Two Silicon Valley executives have been indicted of massive fraud, bringing to light just how far executives will go to get investment capital in an infamously competitive industry.
The Securities and Exchange Commission announced on March 14 that it has charged Elizabeth Holmes, founder and chief executive of Theranos, and Ramesh “Sunny” Balwani, the company’s former president, with raising more than $700 million from investors through an “elaborate, years-long fraud.” The SEC alleges the two made “exaggerated" or "false statements about the company’s technology, business, and financial performance.”
“Investors are entitled to nothing less than complete truth and candor from companies and their executives,” Steven Peikin, Co-Director of the SEC’s Enforcement Division said in the SEC press release. “The charges against Theranos, Holmes, and Balwani make clear that there is no exemption from the anti-fraud provisions of the federal securities laws simply because a company is non-public, development-stage, or the subject of exuberant media attention.”
Specifically, Holmes and Balwani are alleged to have falsely represented Theranos in investor presentations, product demonstrations, and in media coverage. Theranos had marketed itself as a healthcare company that could make “comprehensive” laboratory tests from samples of a few finger blood drops — a Silicon Valley–style attempt to "disrupt" the blood testing industry.
“In truth, according to the SEC’s complaint, Theranos’ proprietary analyzer could complete only a small number of tests, and the company conducted the vast majority of patient tests on modified and industry-standard commercial analyzers manufactured by others,” the SEC press release alleges.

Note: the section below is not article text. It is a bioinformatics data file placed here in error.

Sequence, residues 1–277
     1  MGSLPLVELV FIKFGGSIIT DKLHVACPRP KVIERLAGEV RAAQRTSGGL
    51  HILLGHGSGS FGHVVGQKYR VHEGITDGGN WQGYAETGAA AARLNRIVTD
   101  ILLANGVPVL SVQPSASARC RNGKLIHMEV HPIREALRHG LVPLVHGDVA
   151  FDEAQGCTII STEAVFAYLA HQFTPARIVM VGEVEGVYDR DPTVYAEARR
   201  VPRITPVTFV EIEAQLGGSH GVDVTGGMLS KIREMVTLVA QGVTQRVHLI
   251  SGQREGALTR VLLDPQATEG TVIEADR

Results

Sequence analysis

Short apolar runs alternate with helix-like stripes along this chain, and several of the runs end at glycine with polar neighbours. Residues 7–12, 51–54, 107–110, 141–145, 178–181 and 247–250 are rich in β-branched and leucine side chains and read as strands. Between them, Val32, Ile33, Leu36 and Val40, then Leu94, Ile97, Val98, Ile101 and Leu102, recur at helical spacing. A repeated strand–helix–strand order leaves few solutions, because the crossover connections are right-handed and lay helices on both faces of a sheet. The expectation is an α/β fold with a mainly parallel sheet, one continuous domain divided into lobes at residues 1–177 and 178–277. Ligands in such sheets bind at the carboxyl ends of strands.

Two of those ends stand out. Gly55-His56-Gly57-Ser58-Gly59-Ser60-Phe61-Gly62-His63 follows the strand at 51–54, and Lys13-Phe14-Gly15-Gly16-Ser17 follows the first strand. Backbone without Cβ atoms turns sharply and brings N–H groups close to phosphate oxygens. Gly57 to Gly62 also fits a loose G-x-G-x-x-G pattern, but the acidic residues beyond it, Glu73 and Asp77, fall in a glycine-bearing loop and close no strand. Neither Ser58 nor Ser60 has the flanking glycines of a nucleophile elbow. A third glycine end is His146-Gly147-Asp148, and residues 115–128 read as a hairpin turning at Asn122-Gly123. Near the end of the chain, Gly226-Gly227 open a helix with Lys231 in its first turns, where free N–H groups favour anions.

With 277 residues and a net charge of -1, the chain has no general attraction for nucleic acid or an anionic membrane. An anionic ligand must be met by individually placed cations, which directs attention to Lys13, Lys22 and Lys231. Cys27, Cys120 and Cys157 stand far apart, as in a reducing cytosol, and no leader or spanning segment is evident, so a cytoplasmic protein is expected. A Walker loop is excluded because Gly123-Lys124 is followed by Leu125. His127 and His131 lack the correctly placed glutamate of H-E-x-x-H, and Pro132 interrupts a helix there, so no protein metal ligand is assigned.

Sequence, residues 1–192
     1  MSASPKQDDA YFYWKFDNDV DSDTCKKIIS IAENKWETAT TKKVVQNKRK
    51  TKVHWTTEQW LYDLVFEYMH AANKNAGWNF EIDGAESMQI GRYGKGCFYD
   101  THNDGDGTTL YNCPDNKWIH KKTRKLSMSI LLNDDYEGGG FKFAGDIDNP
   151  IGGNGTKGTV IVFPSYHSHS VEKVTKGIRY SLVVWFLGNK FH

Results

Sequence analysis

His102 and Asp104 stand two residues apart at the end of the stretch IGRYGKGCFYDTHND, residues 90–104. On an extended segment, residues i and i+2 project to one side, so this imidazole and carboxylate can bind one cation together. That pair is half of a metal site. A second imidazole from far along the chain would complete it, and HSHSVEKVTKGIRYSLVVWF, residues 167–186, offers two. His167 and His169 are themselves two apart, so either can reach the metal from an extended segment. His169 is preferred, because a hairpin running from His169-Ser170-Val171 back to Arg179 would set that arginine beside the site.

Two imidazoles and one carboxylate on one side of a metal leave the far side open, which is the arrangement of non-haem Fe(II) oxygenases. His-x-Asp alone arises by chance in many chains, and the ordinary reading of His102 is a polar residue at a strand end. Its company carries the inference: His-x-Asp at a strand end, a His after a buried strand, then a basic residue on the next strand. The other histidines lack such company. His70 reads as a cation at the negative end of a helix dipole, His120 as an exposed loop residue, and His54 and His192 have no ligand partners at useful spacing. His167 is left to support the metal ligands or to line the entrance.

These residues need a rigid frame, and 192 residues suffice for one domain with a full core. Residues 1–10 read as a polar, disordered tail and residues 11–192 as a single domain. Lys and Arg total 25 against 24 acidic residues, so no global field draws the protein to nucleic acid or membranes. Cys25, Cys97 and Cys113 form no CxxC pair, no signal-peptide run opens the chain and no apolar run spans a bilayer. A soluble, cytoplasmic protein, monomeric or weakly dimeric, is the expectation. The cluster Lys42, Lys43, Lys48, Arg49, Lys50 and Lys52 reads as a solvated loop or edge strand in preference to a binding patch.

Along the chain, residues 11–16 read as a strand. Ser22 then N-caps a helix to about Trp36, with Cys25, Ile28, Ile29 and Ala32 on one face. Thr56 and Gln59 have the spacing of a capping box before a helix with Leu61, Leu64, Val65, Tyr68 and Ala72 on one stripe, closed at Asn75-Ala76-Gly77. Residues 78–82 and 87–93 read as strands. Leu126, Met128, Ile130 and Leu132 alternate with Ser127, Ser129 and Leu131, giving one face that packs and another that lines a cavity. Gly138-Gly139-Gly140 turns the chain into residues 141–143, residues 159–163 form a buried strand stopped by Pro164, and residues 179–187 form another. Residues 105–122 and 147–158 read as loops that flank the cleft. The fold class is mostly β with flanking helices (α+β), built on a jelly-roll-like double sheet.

Additional complaints allege that Holmes and Balwani falsely claimed the Theranos technology was “deployed by the U.S. Department of Defense on the battlefield in Afghanistan and on medevac helicopters.” According to the complaint, the technology was never deployed by the U.S. Department of Defense. The company and its indicted executives also allegedly claimed Theranos would make more than $100 million in revenue in 2014. The SEC claims it only generated slightly more than $100,000.
According to Crunchbase, a website that maintain investment reports on tech companies, Theranos raised $1.4 billion in 10 rounds of funding. Elizabeth Holmes, whom Forbes once named “the world's youngest self-made woman billionaire,” founded the company after she dropped out of Stanford University in 2003 at the age of 19.
Jina Choi, Director of the SEC’s San Francisco Regional Office, said this is an “important lesson” for Silicon Valley.
“Innovators who seek to revolutionize and disrupt an industry must tell investors the truth about what their technology can do today, not just what they hope it might do someday,” Choi said.
According to the SEC statement, Holmes and Theranos have agreed to “resolve the charges,” but haven’t denied or admitted to them.
“Holmes is ceding her voting control of the company and reducing her equity stake in Theranos,” the SEC explains.
Holmes has also agreed to pay a $500,000 penalty. She will reportedly be prohibited from serving as “an officer or director of a public company for 10 years” and returning her 18.9 million shares.
However, the SEC notes the settlements are subject to court approval. The SEC “will litigate its claims against Balwani in federal district court in the Northern District of California,” according to the statement.